Our farms are more than fields, poles, strings and hops. They are our communities, customers and employees future. As the largest hop grower in Australia it’s important for us to consider the economic, environmental and social impact of every decision we make, which is why we are working toward a sustainability strategy that complies with Global Reporting Initiative (GRI) responsible and ethical business standards.
The efficient and effective use of water is one piece of our sustainability strategy. Although our farms have been established upon land where the soil is rich and the water supply is abundant, we value the natural resources that ensure our success, and strive to manage them responsibly. This includes the use of a cloud-based irrigation system that continuously monitors soil moisture levels to ensure we only use as much water as we need to deliver high quality hops to brewers, while conserving the rest to support the local flora, fauna and recreation.
In order to produce one of the highest yielding hop crops in the world while conserving as much water as possible, we need to continually assess our net irrigation needs. This process involves calculating the maximum evapotranspiration (ie. total losses due to transpiration and evaporation from the soil) using climate data and our knowledge of the crop needs during critical growth stages. By following evaporation rates from the previous week versus historical climate data, the weather forecast, the current soil moisture status, the age and growth stage of a crop, we can accurately predict our irrigation needs for the week ahead throughout the growing season.
We use a predictive model that utilises an array of Australian Bureau of Meterology (BoM) data relating to our farms in order to forecast the evapotranspiration for the week ahead. Knowing the forecast rate of water loss from our fields, we are well placed to efficiently and effectively manage the resources available to us.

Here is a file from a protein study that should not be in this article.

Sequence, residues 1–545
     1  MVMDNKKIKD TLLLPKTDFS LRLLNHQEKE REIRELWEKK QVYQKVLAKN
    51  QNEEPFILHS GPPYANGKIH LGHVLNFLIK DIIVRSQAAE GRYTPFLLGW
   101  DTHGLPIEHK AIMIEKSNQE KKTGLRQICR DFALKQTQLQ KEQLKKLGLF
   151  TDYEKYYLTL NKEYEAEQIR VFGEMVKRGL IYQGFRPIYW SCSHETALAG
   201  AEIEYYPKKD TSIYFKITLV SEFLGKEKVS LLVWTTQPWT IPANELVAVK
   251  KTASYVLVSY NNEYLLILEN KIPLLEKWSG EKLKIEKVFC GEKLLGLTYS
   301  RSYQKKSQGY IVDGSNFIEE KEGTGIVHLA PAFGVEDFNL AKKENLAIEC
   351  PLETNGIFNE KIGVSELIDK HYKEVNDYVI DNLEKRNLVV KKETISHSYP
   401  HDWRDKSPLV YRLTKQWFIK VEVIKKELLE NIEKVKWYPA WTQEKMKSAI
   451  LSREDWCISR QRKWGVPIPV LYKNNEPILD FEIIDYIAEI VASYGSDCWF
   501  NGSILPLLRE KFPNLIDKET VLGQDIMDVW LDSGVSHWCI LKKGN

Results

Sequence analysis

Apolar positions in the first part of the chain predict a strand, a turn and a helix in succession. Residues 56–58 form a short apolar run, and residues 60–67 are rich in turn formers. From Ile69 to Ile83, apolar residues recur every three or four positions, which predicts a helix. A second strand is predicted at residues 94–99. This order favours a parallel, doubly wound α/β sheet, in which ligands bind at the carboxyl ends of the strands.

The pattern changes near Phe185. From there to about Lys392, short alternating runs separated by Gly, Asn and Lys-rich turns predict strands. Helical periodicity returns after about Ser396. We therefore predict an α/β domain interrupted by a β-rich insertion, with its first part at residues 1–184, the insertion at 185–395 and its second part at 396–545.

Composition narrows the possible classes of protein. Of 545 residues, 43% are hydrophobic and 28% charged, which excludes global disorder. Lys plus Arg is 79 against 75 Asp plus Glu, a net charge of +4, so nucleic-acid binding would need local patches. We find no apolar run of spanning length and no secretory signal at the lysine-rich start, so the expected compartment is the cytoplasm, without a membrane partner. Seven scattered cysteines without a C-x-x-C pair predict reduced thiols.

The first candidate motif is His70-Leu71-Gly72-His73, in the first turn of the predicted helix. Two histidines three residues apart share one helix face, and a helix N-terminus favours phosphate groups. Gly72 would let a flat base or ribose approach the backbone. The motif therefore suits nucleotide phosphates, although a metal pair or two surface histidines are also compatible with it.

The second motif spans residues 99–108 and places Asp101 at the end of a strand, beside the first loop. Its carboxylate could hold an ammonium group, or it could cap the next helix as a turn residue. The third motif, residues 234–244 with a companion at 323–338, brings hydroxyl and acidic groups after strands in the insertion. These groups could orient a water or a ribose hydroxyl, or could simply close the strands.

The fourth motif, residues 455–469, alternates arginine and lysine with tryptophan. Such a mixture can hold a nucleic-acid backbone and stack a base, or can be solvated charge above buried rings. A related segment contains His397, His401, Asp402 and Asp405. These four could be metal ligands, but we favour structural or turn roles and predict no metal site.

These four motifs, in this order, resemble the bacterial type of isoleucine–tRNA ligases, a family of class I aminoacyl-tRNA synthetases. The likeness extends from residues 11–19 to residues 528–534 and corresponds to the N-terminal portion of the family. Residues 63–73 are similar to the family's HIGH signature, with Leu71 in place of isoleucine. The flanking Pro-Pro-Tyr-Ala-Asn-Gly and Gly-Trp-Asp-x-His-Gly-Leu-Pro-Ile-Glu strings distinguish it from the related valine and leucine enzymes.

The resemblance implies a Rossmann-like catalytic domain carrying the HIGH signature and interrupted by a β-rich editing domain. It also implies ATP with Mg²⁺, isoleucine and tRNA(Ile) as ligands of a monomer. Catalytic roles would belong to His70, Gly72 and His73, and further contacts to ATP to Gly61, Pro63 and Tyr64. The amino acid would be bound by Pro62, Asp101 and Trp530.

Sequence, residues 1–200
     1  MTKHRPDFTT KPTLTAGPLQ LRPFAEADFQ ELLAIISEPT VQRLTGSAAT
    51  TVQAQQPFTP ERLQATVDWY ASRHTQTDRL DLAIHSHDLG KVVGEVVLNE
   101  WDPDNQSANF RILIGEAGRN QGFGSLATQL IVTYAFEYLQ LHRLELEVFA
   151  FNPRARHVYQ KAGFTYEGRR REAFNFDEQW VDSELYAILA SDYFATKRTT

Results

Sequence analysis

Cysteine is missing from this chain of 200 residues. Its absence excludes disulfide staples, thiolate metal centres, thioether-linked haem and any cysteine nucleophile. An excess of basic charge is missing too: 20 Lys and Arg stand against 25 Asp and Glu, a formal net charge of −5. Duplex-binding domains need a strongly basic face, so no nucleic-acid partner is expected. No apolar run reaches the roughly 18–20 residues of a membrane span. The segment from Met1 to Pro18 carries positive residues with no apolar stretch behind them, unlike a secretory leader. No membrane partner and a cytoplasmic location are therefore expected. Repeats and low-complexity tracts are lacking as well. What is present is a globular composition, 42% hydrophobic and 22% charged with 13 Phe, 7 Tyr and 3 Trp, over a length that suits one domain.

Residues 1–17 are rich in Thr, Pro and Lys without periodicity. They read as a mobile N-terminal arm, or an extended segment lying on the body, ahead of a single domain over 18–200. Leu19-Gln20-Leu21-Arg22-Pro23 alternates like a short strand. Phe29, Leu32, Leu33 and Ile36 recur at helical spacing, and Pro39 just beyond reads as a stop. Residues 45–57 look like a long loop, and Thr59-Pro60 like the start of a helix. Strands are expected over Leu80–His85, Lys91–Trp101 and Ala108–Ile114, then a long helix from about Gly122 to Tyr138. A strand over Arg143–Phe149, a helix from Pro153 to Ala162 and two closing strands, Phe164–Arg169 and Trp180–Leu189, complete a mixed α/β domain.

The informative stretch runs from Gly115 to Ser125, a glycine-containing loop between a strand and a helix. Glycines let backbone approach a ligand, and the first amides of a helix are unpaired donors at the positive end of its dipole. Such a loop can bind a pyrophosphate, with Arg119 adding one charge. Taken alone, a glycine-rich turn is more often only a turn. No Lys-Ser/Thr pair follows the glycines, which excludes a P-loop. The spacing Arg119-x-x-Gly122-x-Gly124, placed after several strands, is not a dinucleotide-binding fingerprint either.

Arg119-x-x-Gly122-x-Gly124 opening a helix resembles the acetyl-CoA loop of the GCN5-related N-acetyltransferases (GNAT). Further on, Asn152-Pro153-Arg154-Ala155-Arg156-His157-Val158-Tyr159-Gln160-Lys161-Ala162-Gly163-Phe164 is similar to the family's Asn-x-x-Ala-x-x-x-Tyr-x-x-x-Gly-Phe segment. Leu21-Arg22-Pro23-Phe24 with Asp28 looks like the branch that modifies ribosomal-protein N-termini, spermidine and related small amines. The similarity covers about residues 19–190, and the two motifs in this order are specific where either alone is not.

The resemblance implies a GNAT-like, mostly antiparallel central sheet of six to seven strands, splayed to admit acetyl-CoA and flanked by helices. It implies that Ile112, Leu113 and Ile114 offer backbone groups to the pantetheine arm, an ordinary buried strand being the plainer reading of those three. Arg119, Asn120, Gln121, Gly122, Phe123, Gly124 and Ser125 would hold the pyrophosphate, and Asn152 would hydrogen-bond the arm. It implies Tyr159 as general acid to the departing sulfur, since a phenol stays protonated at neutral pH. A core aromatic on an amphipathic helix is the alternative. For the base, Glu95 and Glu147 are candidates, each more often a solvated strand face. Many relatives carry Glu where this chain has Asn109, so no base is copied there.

The amount of water our crop needs is dependent on the age of the crop and the growth stage it is in. Young crops typically need less water than more established crops, while both will need increasingly more water as they move through the critical growth stages. This is known as ‘crop factor’. We multiply the evaporation rate by the ‘crop factor’ to accurately schedule irrigation for the week ahead.
Evapotranspiration of the growing season in 2019
We also have in-field soil moisture monitoring probes on our farms that take a reading every ten minutes in 10cm intervals from 5cm to 85cm in depth. These readings are logged to a cloud-based server that our Farm Managers and Agronomists can view remotely, in real time over the course of the growing season.
Using our in-field soil moisture monitoring probes, we can also track the influence of irrigation, variance in plant uptake and rainfall. This allows us to apply the optimum amount of irrigation on a field-by-field basis. Irrigation optimisation is particularly important as too much water causes our crop to become water-logged resulting in overall yield loss, while not enough water causes our crop to go into shock resulting in photosynthesis shutting down and overall yield loss.
Real time readings from cloud-based soil moisture monitoring and irrigation optimisation technology in 2019
We have been using soil moisture monitoring and irrigation optimisation technology for nearly 20 years, and we will continue to invest, develop and refine our processes to ensure we keep managing the natural resources we use responsibly.
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